Madison was finally closed in 1989 when federal money became available. McDougal stoutly denies that he received favors. "I want them to assign every investigator to look at this and then find anything that Bill or Hillary Clinton ever did for me."

--Influence peddling. In 1985, the First Lady, then a partner at the Rose Law Firm in Little Rock, represented Madison in its bid to get authorization from Schaffer for a preferred stock offering. The approval of the offering, which never actually was sold, has been questioned. Schaffer says that because the most recent federal exam showed the thrift was solvent, she approved the proposal.

Critics are suggesting that Hillary Clinton's representation of a firm before a regulator appointed by her husband amounted to nothing less than influence peddling, made worse by the fact that she had business dealings with the thrift's owner. It's safe to assume the governor's wife wasn't treated as just another lawyer. But Stephen Gillers, a professor at New York University's School of Law and a leading legal-ethics expert, says there was no impropriety. Lawyers are only now starting to struggle with ethical rules for two-lawyer couples, but it's clear, he says, that the rules wouldn't bar a lawyer from appearing before a state agency when the lawyer's spouse is governor.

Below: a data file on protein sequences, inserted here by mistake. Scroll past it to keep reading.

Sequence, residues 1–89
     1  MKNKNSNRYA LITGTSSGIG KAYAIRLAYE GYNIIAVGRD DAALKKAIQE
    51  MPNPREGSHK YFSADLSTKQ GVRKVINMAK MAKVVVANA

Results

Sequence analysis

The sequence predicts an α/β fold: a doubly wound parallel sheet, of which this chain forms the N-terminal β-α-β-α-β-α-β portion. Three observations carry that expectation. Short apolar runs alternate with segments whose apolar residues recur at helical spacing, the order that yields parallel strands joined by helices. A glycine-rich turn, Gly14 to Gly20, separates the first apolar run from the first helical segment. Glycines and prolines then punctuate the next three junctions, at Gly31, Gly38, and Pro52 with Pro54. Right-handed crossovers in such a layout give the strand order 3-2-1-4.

In the case of Hillary Clinton, "that would exclude her from a vast amount of important work," Gillers says. It was up to the government--not Hillary--"to create mechanisms to insure public credibility for the decision-making process," he says. Giller adds that Clinton's unrelated business dealings with McDougal don't present a problem, either.

--Full disclosure. The Rose Law Firm represented the Federal Deposit Insurance Corp. in a negligence suit against Frost & Co., Madison's former auditors. Critics say that a firm that had in the past worked for Madison shouldn't have been hired to sue its onetime accounting firm. And they say the FDIC never would have hired the Rose Law Firm if its past work for the S&L had been